Why do children with autism have difficulties with speech and communication?
I’m not going to go into all of the problems with autistics and verbal issues – especially on a professional level because I am not a professional – but children with autism generally have difficulty processing words and language.
A young with autism child will take longer to learn how to speak and process language. One problem is that a typical child will learn that many of our words may have multiple meanings. A child with autism will struggle to learn just one meaning. Then, add multiple meanings of a word and that makes their job that much harder.
Then, there’s how a word is said, the emotion behind the word. Pick a word and say it with a feeling of sadness, then with an excited-sounded emotion, then say in such a way that you feel shocked by something.
Our kids often learn a word one way and then stick to that learned way. They have trouble changing the way they learned the word. And, add in that their words are typically without emotion. They speak rote.
As a result, they often come off as being rude or uninterested because of how they sound or respond to someone. This very well may be the way your child has learned how to communicate.
What are some of the verbal issues related to autism?
One problem your child may have that is related to speech and communication is echolalia. Echolalia is the constant repeating of words or sounds that a person has heard. Those words or sounds do not have to be recent. They can be something your child remembers again and again.
Verbal autistic children often use words via echolalia because they have learned words as a speech pattern and not as spontaneous or reactionary language. Their word choices are based on patterns of speech that they have memorized.
In a stressful situation, they will pull from what they know and/or repeat what they have memorized. Sometimes, whatever that may be is appropriate but sometimes not.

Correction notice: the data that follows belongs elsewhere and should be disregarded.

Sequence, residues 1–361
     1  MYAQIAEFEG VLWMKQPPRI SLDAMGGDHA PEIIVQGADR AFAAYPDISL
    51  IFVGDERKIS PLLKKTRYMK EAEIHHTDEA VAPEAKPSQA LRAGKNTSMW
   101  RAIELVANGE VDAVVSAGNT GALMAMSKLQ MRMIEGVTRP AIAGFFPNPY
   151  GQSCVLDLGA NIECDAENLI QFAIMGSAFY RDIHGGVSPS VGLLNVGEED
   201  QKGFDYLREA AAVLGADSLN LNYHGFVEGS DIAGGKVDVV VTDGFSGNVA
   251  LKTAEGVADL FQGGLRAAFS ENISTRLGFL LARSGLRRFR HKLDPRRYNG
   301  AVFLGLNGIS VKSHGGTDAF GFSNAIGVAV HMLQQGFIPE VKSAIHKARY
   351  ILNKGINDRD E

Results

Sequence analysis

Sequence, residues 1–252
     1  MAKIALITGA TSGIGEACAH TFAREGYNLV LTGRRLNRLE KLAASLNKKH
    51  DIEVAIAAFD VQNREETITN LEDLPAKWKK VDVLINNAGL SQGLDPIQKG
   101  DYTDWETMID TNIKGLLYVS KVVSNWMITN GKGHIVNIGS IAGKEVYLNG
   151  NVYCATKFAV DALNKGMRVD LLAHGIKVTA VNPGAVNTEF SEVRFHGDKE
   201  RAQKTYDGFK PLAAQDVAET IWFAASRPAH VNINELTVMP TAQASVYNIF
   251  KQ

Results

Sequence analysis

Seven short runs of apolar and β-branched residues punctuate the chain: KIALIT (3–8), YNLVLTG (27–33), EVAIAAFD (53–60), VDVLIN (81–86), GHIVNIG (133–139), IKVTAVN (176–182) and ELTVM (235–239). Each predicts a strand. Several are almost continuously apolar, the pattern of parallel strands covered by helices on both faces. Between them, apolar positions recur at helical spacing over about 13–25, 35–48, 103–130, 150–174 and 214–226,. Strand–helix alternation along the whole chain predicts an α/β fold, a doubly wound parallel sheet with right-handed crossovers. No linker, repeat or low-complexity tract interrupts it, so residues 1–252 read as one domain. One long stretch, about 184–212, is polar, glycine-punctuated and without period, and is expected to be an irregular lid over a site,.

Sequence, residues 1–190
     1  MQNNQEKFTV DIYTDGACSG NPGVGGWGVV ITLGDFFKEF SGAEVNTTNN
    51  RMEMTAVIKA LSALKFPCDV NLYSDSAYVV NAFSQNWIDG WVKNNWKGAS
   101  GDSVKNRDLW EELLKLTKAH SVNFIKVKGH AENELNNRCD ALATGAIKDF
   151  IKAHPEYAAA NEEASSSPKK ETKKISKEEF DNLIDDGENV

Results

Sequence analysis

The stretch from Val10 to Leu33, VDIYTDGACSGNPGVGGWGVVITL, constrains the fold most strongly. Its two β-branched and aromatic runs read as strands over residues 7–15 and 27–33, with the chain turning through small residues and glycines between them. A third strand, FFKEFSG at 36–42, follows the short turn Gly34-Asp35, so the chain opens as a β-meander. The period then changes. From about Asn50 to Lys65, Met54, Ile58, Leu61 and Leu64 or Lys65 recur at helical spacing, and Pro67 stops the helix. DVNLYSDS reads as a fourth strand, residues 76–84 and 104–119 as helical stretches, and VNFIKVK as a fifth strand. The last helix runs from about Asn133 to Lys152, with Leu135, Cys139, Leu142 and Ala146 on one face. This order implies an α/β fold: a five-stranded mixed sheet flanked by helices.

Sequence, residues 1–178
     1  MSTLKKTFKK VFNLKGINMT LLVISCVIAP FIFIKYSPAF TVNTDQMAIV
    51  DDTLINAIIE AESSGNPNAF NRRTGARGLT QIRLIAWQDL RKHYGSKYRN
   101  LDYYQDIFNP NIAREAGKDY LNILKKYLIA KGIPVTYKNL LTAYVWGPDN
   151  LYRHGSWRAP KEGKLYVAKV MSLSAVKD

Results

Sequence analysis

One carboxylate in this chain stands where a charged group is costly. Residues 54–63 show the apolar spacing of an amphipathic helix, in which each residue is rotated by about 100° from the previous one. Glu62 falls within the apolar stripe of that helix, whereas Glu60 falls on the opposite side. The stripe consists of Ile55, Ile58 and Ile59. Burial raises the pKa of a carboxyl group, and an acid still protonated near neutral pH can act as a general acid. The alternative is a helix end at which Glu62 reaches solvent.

Your child may also have issues with verbal repeats.
In my unprofessional opinion, I believe verbal repeats are just an extension of echolalia. The child has learned something and repeats it over and over again because in whatever stressful moment they are in, they want to say something familiar. It calms them down.
Why would a child use verbal repeats?
Verbal repeats are one way a child can try to calm their bodies and lessen their anxiety. They may also have an obsession on a certain topic that they just can’t let go. They’ll repeat something that makes them happy.
My child loves to memorize certain facts and then he likes to tell you those facts. He’s proud of his knowledge and he knows he can talk to us about things that interest him. He knows we’ll listen. We have great conversations with our child and often we learn a lot from him.
But, our child will repeat familiar information often not realizing that we don’t need to hear the same information multiple times.
Because I understand what is happening with my child, I understand what my child is doing. Our child adores information about his obsessions, and he feels confident that he’s learned something correctly.
And, trust me, I’d say ninety-five percent of the time he has learned something correctly. I have learned cool stuff about the solar system, dinosaurs, and airplanes that I never thought I’d ever know. And, most of the time, I enjoy it.
Until I’ve heard it more than…three or four times!
How can we lessen verbal repeats?
Usually, I will let the second time or even the third time our child says something slide. Even my husband and I can’t always remember if we’d told each other something.
But, if I’ve heard something the third or the fourth time, I realize that my child may be verbally repeating himself and I need to get in there and make him aware of it.
Here’s what I typically do with my child when I realize he’s repeating himself. I may use any of the following:
“You’ve already said that, buddy.”
“Only say that one time, please.”
“I’ve heard this before, haven’t I?”
“You already know that, you don’t need to repeat it.”
Are there times when verbal repeats are inappropriate?
Yes. Recently in school, our child wanted so badly to get “stickers” instead of “X’s” (a good day verses a bad day) that he kept repeating – in class – “I really want to get stickers today.”
Unfortunately, the aide did not know how to stop him from his verbal repeats. I instructed her to “snap him out of it” by using one of the phrases from above.
I can’t say that you should expect verbal-related issues with your autistic child, but in my experience they are common. We have dealt with them for years, and we’re just used to it.
But, if they begin to happen, please don’t brush them under the rug or try to ignore them. They are an important part of your autistic child’s development. Use them, if you can and/or learn how to stop them appropriately. Consult a speech therapist or a qualified professional and continue to help your child the best way you can.
To Find Kimberly Kaplan:
www.smashwords.com or Amazon Kindle ebook “A Parents’ Guide to Early Autism Intervention”